A wonderful customer, who has requested many colour combinations of hair grips in the past, recently contacted me to see if I could create some more colour combinations for her. This is such a lovely way to explore colour combinations, and I set about spinning some wool.
For some of the colours of wool, I approached a friend who dyes wool, and asked her to create some of the colours that were asked for. Kirsty, at Wharfedale Woolworks kindly obliged me, and this enabled me to get the colours needed.
Some of the colour combinations have been added to the shop, as I spun extra wool. Others will be added when I find the time to add them!! This colour combination I think would make lovely hair grips for a bridesmaid, and can be ordered here. I think this may be my favourite colour combination, olive and salmon pink. It can be ordered right here. If you would like to order any of the colours here that have not yet been added to the shop, you can order them via this listing, and just specify what colours you would like, or just drop me a line via a contact conversation on Etsy.
I am always open to custom orders, and love creating colour combinations especially for the individual, so if you have your own ideas as to what colours you would like in a floral hairgrip, please do contact me.
I have a number of hair clips in my shop, in a variety of colours and have had a number of custom order for them, which has added to the number of colours available. They are all made with handspun wool, and embellished with lace and crystal beads.
Some of the new colours are more summery, such as this beautiful lemon-y coloured hair grip. Available for order just here
Also some cream hair grips, which I think would be perfect for a summer wedding, or to add a touch of glamour to an outfit. Which can be bought here
I have also had a custom order for a gorgeous blue/green combination, which I can re-produce for you if you order it here.
Creating these, then sparked some other ideas, such as a ring, based upon the same design. This is secured to an adjustable ring base, meaning it will fit many different shaped fingers. This can be bought here
I also had a desire to create some peacock inspired hair clips, which are available to buy here
I have an idea for some pastel coloured hair clips in pale blue and pink, but these are still in the development phase!
I am always open to colour combination suggestions, for both the hair clips and rings. I can be contacted via Etsy to discuss any custom orders.
Last time I mentioned I was spinning more wool for a macBook cover. It is based on the Hibiscus bag that I made back in the Spring time. And is basically a much bigger version of the iPad cover I made here.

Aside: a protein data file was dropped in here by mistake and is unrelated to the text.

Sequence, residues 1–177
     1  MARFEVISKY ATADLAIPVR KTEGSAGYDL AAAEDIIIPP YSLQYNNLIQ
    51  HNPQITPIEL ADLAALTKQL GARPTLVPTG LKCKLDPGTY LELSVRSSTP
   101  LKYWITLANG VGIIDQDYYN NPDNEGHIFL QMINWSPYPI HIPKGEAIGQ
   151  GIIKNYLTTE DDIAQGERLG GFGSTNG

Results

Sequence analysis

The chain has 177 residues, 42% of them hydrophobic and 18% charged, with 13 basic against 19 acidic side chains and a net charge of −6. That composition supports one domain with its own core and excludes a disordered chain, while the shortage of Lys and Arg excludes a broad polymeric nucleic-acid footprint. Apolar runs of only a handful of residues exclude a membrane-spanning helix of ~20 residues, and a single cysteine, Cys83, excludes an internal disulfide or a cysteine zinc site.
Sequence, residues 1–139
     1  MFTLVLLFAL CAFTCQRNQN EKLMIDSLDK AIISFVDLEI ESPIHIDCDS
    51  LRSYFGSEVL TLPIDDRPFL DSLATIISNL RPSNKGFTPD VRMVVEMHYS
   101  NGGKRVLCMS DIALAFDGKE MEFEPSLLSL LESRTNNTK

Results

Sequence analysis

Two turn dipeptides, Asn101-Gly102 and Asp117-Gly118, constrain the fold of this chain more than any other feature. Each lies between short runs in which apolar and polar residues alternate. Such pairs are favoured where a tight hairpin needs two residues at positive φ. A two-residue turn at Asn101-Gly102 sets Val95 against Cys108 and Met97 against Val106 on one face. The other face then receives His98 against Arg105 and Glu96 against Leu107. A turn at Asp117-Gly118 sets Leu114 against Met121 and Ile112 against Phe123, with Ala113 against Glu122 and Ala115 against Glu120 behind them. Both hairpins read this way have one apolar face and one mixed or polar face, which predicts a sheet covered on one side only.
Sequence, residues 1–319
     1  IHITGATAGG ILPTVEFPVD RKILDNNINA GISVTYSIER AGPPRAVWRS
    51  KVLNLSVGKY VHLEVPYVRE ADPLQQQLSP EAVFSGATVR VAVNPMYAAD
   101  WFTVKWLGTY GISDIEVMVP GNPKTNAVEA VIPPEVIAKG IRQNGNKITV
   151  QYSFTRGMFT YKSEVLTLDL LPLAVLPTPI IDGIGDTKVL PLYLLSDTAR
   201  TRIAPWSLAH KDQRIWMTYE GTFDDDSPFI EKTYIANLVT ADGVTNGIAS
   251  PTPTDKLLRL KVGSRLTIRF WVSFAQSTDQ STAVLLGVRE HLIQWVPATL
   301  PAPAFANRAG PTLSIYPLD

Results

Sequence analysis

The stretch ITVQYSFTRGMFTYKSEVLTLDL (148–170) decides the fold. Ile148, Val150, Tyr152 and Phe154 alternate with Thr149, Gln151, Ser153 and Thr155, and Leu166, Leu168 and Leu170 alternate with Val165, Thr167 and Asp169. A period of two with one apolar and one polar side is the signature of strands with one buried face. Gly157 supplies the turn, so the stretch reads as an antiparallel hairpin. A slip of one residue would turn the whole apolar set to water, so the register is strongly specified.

It took the best part of three bobbins of three ply, handspun wool. Again using the zwartble/suffolk cross fleece. It is lined with the beautifully bright, Hibiscus material, and finished off with a large ceramic button.
Within the case is a protective structure which both give form and rigidity to the cover, and is padded too, which will protect its contents that bit more.
I have gained a great sense of achievement making this. It all went to plan, and the reciepient is pleased wiith it too, which makes Aisling Designs very happy indeed.
I showed you back here in the summer holidays what was keeping me busy, with the preparing and spinning of the gorgeous Zwartble/Suffolk cross fleece in order to fulfill a custom order for an iPad cozy. It is all finished now, and with its new owner who has let me know she is really pleased with it.
So here is the rest of the story. I knitted up the cozy, and this was a sneaky peek of it before it was finished.
To finish it I had to add an internal structure to protect the iPad from knocks, and I had to find the perfect button. A lovely warped silver button really finished off this iPad cover brilliantly. Such a feeling of satisfaction when you find the perfect item.
The iPad fitted perfectly, and the contrast of the bright pink and the grey gives an element of surprise to this lovely cover.
The internal structure gives a more rounded feel to the cover than it would have if it had simply been a slipcase. But feels sturdy enough to withstand the wear and tear a well used iPad takes.
There was enough wool for another case to be made, but this time it is simply a slip case with no added structure. This one is available for sale in my etsy shop.
You would think that might be the end of the tale. But, another spawning of the original “hibiscus bag” is in the offing, this time in the form of a macbook cover. So the story continues…
Not much to see in the finished article line of things at the moment, but here’s what I have been up to. After the Hibiscus bag, I got asked to make an Ipad cozy. Unfortunately I had run out of the grey zwartble/suffolk cross fleece I had use to create the hibiscus bag. After a message to a good friend, I was able to get one of this years fleeces. Much darker this year due to the lack of sun bleaching with our dismal summer! Still a very beautiful fleece, and I was looking forward to see how it turned out.
So wash day saw some of the zwartble get washed, along with some of sorted Jacobs fleece I have also managed to acquire from our local childrens farm.
With the fine weather we have had this last couple of weeks, it was a joy to be able to sit out in the garden and card the fleece, plus all the little bits that are caught in the fleece just fell on the garden instead, so less clearing up!!
Then this last week has been spent spinning it up. As I spin quite thin, I decided a three ply would give me the worsted Aran weight yarn I was after. I worked out that three bobbins, holding between them around 300m of single ply yarn, then plyed together, meant that over a km of yarn passed through my fingers last week. No wonder they were feeling nice and smooth!
On to the knitting now. It is beautiful to knit, having seen the process all the way through from fleece to final article, a real sense of pride, as well as the yarn being lovely to knit anyway!